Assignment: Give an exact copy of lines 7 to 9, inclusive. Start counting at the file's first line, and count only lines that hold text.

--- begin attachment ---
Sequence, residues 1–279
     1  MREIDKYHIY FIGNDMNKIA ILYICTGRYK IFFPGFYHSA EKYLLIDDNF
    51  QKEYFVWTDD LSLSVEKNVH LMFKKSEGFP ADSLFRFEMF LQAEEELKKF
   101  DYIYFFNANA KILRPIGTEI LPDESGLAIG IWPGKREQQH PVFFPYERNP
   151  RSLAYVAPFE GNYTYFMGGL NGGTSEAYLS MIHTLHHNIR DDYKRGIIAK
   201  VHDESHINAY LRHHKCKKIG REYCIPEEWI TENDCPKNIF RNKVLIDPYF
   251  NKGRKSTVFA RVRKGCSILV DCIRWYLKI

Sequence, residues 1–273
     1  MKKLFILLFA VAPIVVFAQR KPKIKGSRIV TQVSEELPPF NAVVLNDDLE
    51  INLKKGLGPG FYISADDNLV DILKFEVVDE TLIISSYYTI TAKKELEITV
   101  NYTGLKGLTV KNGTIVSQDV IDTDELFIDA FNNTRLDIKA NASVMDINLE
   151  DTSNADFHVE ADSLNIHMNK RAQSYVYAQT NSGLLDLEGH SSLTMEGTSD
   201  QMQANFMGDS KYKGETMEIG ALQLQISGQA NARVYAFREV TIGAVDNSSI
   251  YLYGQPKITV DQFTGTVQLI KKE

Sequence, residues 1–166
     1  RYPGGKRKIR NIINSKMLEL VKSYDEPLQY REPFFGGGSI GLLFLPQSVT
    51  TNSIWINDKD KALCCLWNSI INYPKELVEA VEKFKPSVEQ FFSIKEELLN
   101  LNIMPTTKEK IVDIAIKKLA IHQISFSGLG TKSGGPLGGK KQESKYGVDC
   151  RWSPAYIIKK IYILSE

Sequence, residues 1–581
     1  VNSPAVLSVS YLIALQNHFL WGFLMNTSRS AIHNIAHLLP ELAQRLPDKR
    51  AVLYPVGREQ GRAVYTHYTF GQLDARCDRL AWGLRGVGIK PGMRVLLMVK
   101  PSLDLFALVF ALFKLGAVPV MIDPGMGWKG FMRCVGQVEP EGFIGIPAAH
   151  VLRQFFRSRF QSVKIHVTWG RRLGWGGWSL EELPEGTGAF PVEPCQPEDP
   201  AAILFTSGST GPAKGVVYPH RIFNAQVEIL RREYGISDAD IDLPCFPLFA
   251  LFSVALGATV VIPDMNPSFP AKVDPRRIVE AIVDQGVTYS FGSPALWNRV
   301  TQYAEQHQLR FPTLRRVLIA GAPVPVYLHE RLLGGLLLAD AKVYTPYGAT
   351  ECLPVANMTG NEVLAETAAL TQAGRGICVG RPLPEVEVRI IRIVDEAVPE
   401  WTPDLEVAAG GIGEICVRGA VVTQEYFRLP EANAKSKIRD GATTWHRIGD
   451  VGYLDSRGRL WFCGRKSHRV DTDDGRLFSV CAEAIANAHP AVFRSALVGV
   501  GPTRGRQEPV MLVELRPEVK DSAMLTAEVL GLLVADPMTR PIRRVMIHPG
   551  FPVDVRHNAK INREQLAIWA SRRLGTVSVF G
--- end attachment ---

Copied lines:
   251  NKGRKSTVFA RVRKGCSILV DCIRWYLKI

Sequence, residues 1–273
     1  MKKLFILLFA VAPIVVFAQR KPKIKGSRIV TQVSEELPPF NAVVLNDDLE